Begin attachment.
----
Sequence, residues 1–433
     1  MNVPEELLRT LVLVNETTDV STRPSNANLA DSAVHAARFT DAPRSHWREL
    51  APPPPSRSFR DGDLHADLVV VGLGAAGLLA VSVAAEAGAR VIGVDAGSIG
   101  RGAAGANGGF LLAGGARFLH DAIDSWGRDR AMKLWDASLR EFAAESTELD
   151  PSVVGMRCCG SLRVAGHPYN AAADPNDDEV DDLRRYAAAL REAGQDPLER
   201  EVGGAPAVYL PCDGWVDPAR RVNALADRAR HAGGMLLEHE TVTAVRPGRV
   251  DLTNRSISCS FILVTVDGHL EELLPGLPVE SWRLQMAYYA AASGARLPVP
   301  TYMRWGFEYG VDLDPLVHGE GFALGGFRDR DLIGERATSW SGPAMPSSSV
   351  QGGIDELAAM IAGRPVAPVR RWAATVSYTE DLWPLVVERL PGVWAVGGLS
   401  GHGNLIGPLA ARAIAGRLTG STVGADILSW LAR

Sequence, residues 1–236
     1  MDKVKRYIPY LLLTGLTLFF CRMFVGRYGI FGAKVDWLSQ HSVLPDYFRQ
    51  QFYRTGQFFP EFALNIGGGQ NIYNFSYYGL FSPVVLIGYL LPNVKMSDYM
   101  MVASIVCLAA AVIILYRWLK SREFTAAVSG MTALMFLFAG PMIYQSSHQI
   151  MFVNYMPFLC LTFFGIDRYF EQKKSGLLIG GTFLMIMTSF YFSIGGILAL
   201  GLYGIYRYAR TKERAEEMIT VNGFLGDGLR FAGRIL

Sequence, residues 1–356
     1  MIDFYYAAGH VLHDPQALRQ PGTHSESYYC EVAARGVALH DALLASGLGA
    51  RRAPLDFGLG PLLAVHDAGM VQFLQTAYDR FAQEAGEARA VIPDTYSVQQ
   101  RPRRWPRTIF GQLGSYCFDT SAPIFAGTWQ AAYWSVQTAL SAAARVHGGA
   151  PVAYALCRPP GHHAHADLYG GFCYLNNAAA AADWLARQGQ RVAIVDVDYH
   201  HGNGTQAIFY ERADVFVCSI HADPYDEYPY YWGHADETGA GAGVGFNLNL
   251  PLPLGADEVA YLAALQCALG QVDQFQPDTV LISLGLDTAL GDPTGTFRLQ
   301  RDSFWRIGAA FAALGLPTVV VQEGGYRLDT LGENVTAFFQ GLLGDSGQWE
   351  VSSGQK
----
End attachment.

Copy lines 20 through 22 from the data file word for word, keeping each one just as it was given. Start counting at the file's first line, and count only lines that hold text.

   101  RPRRWPRTIF GQLGSYCFDT SAPIFAGTWQ AAYWSVQTAL SAAARVHGGA
   151  PVAYALCRPP GHHAHADLYG GFCYLNNAAA AADWLARQGQ RVAIVDVDYH
   201  HGNGTQAIFY ERADVFVCSI HADPYDEYPY YWGHADETGA GAGVGFNLNL